- When possible make paths approximately 4 feet wide – wide enough for 2 people to walk together and allow natives to creep as they become healthy and spread.
Downed limbs can become the border of paths
- When possible, incorporate the natural resources on the property in landscaping. Fallen limbs may be used to define an edge for newly constructed paths. They can become habitat and, as needs change and your landscape evolves, they may be relocated to other areas. Defining these paths also allows natives to grow into the edges of the paths creating a “nursery” of native plants that can be harvested for use in other areas. (link on nurseries)
- If there are any flagged, native species in the path, gently harvest these plants and replant in a nearby area or holding bed to be planted at a future time.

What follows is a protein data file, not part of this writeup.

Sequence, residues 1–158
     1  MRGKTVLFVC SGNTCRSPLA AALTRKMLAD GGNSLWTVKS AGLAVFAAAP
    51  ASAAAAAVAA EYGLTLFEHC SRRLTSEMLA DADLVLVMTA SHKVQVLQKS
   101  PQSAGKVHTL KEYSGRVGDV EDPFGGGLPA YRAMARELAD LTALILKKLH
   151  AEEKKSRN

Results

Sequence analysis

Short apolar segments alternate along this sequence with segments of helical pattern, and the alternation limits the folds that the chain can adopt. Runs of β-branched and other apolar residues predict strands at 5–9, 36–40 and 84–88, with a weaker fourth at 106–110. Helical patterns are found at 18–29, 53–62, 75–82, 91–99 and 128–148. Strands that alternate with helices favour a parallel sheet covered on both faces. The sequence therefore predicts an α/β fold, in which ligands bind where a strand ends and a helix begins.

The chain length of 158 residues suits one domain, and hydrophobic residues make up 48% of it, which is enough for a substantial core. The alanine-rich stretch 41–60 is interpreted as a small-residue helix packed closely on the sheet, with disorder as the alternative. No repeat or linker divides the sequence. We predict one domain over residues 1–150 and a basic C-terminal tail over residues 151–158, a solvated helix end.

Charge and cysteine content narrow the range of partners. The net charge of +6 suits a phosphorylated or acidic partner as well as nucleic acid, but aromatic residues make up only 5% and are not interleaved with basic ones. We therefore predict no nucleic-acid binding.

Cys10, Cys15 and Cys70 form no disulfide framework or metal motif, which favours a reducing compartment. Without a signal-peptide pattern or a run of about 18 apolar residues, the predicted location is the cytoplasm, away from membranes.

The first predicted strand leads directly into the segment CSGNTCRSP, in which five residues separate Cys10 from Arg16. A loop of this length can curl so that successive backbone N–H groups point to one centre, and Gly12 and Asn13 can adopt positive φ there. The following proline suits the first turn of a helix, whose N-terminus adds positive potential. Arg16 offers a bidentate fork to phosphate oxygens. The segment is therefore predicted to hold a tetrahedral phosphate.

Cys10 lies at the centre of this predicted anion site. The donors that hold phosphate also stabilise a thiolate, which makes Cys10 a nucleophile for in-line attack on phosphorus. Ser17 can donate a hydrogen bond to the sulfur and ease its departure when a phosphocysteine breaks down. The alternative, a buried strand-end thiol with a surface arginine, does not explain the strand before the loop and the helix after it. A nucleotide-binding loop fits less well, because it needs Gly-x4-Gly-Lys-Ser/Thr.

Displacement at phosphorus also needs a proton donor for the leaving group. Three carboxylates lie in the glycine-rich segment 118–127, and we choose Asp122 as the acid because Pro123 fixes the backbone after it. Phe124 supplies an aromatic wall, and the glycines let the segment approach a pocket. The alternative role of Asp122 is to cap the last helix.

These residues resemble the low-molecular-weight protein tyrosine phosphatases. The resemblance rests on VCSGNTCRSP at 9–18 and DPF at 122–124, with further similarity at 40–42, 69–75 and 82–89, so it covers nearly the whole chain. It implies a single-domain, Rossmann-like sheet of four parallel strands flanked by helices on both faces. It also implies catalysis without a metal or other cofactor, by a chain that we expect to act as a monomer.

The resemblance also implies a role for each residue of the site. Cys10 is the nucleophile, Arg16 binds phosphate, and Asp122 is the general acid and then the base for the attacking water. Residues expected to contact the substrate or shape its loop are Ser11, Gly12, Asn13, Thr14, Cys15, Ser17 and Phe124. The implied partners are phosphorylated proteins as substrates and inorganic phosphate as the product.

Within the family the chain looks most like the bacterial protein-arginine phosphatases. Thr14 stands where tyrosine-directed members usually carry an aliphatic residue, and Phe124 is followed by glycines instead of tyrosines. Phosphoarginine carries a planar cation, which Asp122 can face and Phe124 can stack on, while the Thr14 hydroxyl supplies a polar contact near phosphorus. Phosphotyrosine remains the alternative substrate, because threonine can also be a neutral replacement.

Line the path with wood chips
- The fastest and best way to establish a path in a native habitat setting is to cover the path with a thick layer of native wood chips such as redwood, oak, bay, fir or madrone.
- These chips provide the service of suppressing the growth of unwanted plants and to act as a mulch to preserve moisture, which native trees and plants will access.
- Avoid non-native chip such as acacia and eucalyptus as well as chips with ivy or vinca.
- Grading the chips will eliminate uneven areas. With time and rain newly laid, fluffy chip will become firm and more comfortable to walk on.
The San Lorenzo Valley Native Habitat Restoration Program integrates environmental and community needs to restore the riparian habitat and ensure the ongoing health and beauty of the watershed.